St Denis is an example of the whole process failing. I’m not sure how much this is their fault and how much it is simply the fickle-mindedness of the customers who decide on the successes and the failures. But it may be no coincidence that the online aspect of their venture is rather poor compared with the others discussed so far. It doesn’t fill a potential customer with confidence to see a blog last updated years ago, or a statement that a magazine comes out twice-yearly combined with it not having come out for some years. These things take minutes to update, so there isn’t really any excuse for the lack of feedback for the potential customer. The Ravelry comments for their yarns never elicit a response, including one of some months ago now that says the yarns are now discontinued, though St Denis’s Ravelry page has not been updated to reflect this.

Meanwhile, there are patterns like Woodward Cardigan, which almost nobody has knitted simply because getting hold of it is nigh on impossible. Pity!

Singapore’s chicken rice war

Hainanese Chicken Rice is Singapore’s unofficial national dish and I, for one, can understand why. I adore it. Having discussed the passion for food of all types in Singapore, an open-minded curiosity, a willingness to be both traditional and experimental, it will be no great surprise to discover that ‘best chicken rice’, which is a hawker dish, is a source of endless dispute. Just try keying into a search engine ‘Best chicken rice in Singapore’ and you will be flooded with newspaper and magazine articles, blog posts, food site forums. Every day I walked past a branch of Fook Seng Goldenhill which lays claim to being the best – and lots of people agree.

It is such a big thing that Gordon Ramsay thought it was worth while getting into the act, last year competing against various hawkers for a public vote as to best chicken rice. It was with much hoopla and fanfare that Tien Tien of Maxwell Food Centre was declared the winner. Obviously this is a rather meaningless affair, but nonetheless, go to Maxwell Centre and you’ll see the queues for Tien Tien.

Now, as it happens, several doors down is a stall run by Ah Tai. Who? I’m glad you asked. Ah Tai was the master chef at Tien Tien for many years, but left to set up his own business after an argument with his boss, the details of which read like the plot of a Shakespearean thriller. Places where you will read more about this side-line of the chicken rice war are here and here and here and here.

Get the idea? This stuff is the fabric of Singaporean society. Our plan had been to try both Tien Tien and Ah Tai. We went to Ah Tai first and really, it didn’t seem necessary to try Tien as well. What we got – for $3, rather than Tien Tien’s $3.50, I might add – was this:

Ah Tai chicken rice

Ah Tai chicken rice

It may not look like much, but trust me, I could eat it every day. The chilli ginger sauce was excellent, the chicken moist and tender, the rice made me chicken-rice-happy. Somebody reading this will know what that means. I can see I’m going to have to start making this here in Geneva. I don’t really understand how I’ve lived without it for so long now!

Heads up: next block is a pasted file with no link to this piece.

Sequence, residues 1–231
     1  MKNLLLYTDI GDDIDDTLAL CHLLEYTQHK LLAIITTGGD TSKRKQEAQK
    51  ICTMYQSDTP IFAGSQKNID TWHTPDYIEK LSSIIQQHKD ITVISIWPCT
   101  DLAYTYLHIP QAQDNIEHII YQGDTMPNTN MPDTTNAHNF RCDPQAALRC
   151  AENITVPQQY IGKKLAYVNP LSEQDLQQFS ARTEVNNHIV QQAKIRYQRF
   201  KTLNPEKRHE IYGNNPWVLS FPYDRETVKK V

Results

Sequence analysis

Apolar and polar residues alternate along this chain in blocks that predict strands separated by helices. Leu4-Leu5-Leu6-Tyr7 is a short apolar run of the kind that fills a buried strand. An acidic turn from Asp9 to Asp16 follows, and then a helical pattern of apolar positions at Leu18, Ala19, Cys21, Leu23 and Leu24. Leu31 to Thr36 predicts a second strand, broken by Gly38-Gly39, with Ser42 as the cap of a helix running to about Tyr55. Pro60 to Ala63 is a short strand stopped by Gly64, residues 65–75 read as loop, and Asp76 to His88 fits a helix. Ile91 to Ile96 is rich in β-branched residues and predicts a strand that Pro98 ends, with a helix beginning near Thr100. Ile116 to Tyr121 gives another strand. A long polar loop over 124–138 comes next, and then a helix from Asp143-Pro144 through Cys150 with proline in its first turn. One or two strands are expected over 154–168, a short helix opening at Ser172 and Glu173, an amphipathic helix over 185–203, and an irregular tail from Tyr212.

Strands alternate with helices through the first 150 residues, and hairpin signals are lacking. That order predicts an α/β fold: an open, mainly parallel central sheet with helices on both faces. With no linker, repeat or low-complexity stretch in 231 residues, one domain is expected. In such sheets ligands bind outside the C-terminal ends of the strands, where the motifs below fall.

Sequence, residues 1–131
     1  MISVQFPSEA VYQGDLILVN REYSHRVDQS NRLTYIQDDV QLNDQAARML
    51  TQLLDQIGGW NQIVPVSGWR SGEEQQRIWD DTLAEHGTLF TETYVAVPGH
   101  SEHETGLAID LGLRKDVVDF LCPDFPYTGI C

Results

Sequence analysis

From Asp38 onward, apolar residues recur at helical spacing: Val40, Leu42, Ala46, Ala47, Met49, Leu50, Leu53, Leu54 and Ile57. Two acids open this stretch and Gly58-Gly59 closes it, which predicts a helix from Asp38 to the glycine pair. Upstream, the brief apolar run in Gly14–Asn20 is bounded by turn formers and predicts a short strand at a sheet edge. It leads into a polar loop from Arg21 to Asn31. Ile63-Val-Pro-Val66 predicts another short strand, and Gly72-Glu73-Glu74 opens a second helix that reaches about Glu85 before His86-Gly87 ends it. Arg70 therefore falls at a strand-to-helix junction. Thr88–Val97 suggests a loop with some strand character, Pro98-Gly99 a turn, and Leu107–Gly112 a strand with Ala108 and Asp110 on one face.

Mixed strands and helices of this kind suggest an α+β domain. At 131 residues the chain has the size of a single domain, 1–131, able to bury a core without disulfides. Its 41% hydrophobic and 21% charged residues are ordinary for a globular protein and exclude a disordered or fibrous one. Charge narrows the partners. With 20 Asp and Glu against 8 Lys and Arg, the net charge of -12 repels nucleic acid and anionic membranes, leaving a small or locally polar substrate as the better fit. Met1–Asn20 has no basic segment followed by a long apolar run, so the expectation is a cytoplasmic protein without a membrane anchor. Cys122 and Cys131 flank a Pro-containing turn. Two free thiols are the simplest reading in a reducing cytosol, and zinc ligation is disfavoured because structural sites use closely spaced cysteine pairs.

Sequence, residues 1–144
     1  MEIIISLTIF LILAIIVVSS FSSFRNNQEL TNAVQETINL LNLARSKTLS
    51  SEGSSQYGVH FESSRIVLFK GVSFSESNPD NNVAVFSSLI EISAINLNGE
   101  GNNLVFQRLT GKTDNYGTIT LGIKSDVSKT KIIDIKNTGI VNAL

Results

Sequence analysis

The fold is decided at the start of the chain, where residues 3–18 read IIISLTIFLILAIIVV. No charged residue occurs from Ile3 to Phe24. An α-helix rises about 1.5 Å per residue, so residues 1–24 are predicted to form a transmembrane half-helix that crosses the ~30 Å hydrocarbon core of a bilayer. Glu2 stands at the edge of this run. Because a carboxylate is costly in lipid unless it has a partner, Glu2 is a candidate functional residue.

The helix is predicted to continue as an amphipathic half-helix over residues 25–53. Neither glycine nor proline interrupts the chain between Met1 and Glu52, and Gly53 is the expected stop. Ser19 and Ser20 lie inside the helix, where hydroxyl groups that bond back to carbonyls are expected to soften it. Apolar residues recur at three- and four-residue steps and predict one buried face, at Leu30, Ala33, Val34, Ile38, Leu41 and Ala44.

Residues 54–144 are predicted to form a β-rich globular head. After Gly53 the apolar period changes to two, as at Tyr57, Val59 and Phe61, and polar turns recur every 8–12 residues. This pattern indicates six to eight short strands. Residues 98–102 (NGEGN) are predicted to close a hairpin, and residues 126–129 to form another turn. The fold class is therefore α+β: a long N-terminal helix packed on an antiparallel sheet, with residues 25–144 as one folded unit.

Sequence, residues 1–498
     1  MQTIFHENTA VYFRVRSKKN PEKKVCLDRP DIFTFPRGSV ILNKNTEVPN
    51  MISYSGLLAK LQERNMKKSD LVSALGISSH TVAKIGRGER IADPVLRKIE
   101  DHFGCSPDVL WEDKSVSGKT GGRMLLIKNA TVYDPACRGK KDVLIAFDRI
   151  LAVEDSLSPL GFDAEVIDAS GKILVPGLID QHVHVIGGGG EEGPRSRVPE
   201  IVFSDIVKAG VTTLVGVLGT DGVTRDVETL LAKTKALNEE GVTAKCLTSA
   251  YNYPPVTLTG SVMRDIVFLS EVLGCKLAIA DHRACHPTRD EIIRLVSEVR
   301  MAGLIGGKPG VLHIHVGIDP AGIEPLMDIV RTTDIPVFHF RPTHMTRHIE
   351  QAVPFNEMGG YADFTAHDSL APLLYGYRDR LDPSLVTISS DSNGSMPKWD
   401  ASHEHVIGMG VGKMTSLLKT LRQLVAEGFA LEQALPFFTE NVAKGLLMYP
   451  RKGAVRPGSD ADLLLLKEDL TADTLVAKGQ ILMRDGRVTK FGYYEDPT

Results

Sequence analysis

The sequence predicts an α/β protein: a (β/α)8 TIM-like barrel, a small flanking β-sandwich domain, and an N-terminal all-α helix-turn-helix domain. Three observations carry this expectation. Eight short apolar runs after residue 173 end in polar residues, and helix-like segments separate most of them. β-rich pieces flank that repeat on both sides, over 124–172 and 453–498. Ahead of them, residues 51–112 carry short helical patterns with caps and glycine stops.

….make sure it’s by a Singaporean taxi driver. It’s worth paying for. On Sunday I thought we should go to Singaporean Dim Sum and had in mind Tim Ho Wan’s Orchard Rd outlet in the Singapura Plaza. Famous for his one Michelin star HK venture which he brought to Singapore, he rather shocked the sort of people who think Michelin starred restaurants must be expensive. He wanted to provide high standard dim sum at a good price.

Straight away the taxi driver asked ‘Why you go to Orchard Road’. I said we wanted to eat dim sum there and he immediately set us right. ‘You white people don’t know. Orchard Rd twice as expensive as Chinatown. I take you to good dim sum in Chinatown and cheap shopping, I show you wholesale shop’. As we headed in our changed direction he interrogated Manny ‘Why you have beard? Why you not shave?’, the start of a hilarious conversation in which he was rather disappointed to hear that Manny was a researcher and not a Beatle. At any rate, he dropped us in front of a hotel in Chinatown with directions to go upstairs. We did that, queued for a bit and then we left to get another taxi to Orchard Rd. Manny wanted to know why we hadn’t just got the driver to take us to where we wanted to go in the first place. Because I figured pretending was the best way out? Because the trip to Chinatown was so entertaining?

They know how to make queuing efficient in Singapore. When we arrive at Tim Ho Wan, there is a girl ordering us around like the boss of a taxi rank, we are all given order forms so we can make our decisions while we wait – there are pictures and descriptions of the dishes at points along the queue, as well as stools so you can sit as you progressively shuffle along. As soon as we got our seats inside, we gave our order to the staff and sat back.

First up were baked BBQ pork buns. I have to say, these are the only buns of its type I’ve ever liked. The filling was not too sweet, the casing was sensationally light. We ordered one more of the ‘big four’ as they are referred to here, that being the rice noodle rolls with pig’s liver. I got to eat all three of these – well, eat is almost the wrong word to use, as their silkiness slips down the throat. A couple of the dishes didn’t inspire: the chickens’ feet were not a great rendition of this dish and the squid, a chef’s recommendation, left me cold, though Manny was enthusiastic. The glutinous rice in banana leaf was wonderful – I’ve never had Chinese sausage I’ve enjoyed eating before and I surmise it is their own creation rather than the mass produced, and in my opinion very indifferent, product normally found in this dish. I really liked the congee too, though I’d be curious to know if a congee afficionado would agree. I suspect those who complain this is just an over-hyped place may be correct. Not that it wasn’t good, but I bet there are stacks of wonderful dim sum places in Singapore. Another claim to investigate next trip.